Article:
Supreme Court weighing probable cause standards
A question before the state’s highest court has police officials and abuse prevention advocates concerned that a long-standing pillar of the criminal justice system, and the future of law enforcement in New Hampshire, may be in jeopardy.
The state Supreme Court is weighing whether police officers have a duty to fact-check victims’ claims beyond establishing probable cause, the current benchmark for making an arrest. Any change to that standard – wherein officers build reasonable suspicion that a person committed a crime – would have vast repercussions for the law enforcement community, opponents argue, exposing officers to lawsuits and weakening their ability to intervene in dangerous situations, particularly those involving domestic violence.
“If this court adopts the plaintiff’s position, the ability of the state to protect its citizens, particularly in the domestic violence arena, will be eviscerated,” Assistant Senior Attorney General Stephen Fuller wrote in a court brief submitted last week.
Others caution that concern may be overstated.
The case before the court, Lahm v. Farrington, involves a former Tilton police officer who arrested a man based on a witness account that was later called into question.
Kenneth Lahm was arrested in 2008 and charged with sexually assaulting and assaulting a woman. The charges were dropped after details in the woman’s account were disputed. Lahm sued the arresting detective, Michael Farrington, and the town of Tilton, arguing that Farrington should have investigated the woman’s claims beyond probable cause, and that he should be held accountable for negligence. The suit was thrown out by a superior court judge and is now before the Supreme Court on appeal.
Lahm’s attorney, Michael Sheehan, said the arrest and everything that ensued was humiliating. Lahm was forcibly removed from his home by a SWAT team, placed in jail for a weekend and slapped with legal fees and negative publicity.
“All are harms that cannot be put back into Pandora’s box,” Sheehan wrote in Lahm’s appeal. “If those harms could have been avoided, if that actual innocence could have been uncovered simply through a phone call or two, an interview or two, or by simply questioning the truthfulness of the victim’s otherwise uncorroborated story, then Lahm should have a recourse.”
Fuller indicated in his brief for the state that forcing officers to establish more than probable cause would leave police departments “toothless, unable to fulfill their charge to enforce the law, as individual police officers would be too afraid of incurring liability to act.”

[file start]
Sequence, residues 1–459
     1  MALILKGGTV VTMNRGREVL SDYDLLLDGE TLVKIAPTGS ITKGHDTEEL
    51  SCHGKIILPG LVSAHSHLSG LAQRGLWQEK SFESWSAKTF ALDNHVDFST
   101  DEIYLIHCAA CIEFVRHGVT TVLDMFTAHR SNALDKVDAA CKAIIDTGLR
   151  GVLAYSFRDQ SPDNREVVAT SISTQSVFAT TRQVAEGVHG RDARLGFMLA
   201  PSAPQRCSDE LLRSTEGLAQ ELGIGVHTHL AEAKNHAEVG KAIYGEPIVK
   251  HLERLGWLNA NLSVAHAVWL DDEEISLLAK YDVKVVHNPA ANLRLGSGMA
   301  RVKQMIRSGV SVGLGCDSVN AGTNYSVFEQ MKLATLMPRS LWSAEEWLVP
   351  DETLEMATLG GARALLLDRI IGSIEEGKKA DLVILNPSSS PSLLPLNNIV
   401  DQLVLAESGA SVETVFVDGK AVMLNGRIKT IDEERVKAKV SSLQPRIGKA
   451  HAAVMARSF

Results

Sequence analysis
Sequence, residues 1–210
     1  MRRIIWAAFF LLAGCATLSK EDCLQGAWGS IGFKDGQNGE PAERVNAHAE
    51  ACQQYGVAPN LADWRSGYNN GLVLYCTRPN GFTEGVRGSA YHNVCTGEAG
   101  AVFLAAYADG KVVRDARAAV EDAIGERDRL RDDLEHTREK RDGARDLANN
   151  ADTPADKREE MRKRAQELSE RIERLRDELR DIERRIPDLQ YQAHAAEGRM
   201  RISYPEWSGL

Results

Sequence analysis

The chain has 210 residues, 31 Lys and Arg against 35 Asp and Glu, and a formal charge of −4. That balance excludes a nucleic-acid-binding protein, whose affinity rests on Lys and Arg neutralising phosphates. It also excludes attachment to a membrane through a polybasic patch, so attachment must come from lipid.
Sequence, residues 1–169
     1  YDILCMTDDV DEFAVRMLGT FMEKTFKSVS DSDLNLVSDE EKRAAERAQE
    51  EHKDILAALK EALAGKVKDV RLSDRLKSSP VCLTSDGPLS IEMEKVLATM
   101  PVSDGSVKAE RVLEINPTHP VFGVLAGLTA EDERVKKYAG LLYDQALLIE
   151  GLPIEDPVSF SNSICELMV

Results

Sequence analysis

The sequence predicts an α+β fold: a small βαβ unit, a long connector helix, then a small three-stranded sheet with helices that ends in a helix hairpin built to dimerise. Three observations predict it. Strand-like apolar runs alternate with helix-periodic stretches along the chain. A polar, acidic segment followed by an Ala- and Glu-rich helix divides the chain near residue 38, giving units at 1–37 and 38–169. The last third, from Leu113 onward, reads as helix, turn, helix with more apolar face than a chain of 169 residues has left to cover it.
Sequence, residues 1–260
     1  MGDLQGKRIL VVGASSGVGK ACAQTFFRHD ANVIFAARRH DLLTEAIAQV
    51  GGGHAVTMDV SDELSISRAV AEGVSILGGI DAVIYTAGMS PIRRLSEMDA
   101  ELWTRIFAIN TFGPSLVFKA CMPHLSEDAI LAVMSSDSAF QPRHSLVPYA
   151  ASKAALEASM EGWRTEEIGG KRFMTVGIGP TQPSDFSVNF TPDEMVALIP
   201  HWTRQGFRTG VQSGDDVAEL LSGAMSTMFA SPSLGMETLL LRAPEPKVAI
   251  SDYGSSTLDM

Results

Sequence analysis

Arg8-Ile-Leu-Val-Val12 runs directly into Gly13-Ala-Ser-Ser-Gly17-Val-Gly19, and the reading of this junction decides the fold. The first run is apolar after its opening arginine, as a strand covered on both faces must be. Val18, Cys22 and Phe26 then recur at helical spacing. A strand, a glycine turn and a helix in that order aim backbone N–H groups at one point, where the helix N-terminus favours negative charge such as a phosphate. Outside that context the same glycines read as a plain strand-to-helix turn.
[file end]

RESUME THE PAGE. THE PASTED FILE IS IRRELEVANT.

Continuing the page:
Adding obstacles for officers would be most damaging to victims of sexual assault, the state and others contend, because their cases most often require urgency and involve little proof other than their word.
More than half of the 159 homicides in New Hampshire between 2001 and 2010 involved domestic violence, according to statistics from the state. Of those, only 6 percent of victims sought crisis center services before their deaths, and only 4 percent had a protective order in place when they died.
That means police officers responding to reported abuse are often the only barrier between perpetrators and victims.
A ruling in Lahm’s favor “could delay responses and have lethal consequences for victims,” said Lyn Schollett, executive director of the New Hampshire Coalition Against Domestic and Sexual Violence. “It’s that simple for us.”
Merrimack County Sheriff Scott Hilliard said it could also deter officers from taking action.
“It would cause complete chaos because people are going to be gun shy to want to do that,” he said in reference to arresting alleged combatants.
But Albert Scherr, an attorney and law professor at the University of New Hampshire, cautioned that the court’s decision will not likely have as vast a repercussion as some fear. A decision in Lahm’s favor could actually have benefits, Scherr said, because decent police departments already do a fair amount of digging before they lock someone up. This would force under-performing departments to up their game, he said.
“If all the police are doing is getting enough to establish probable cause, that may not bother some people, but what that arrest means is that person may have been put in jail, they may have lost their job, they may have been kicked out of school. So the consequences of being arrested are serious enough that we want police to spend the time and really do the work,” Scherr said. “By the same token, we don’t want police to have to reach absolute certainty. The idea is to reach some kind of balance.”
Merrimack County Attorney Scott Murray said that balance has already been reached. There are numerous checks already in place to protect defendants from false allegations, he said, including warrants and legal proceedings.
“You have a system that sorts that out,” he said.
Police officers across the country have long been protected against lawsuits involving the basis for probable cause. Fuller, writing for the attorney general, said New Hampshire would become the first state to set something greater than probable cause as a prerequisite for that legal immunity.
“If this standard is changed, New Hampshire will be unique in requiring some unspecified, higher standard for police officers to meet if they wish to avoid civil or tort liability when effecting an arrest,” he wrote.
(Jeremy Blackman can be reached at 369-3319,
firstname.lastname@example.org or on Twitter @JBlackmanCM.)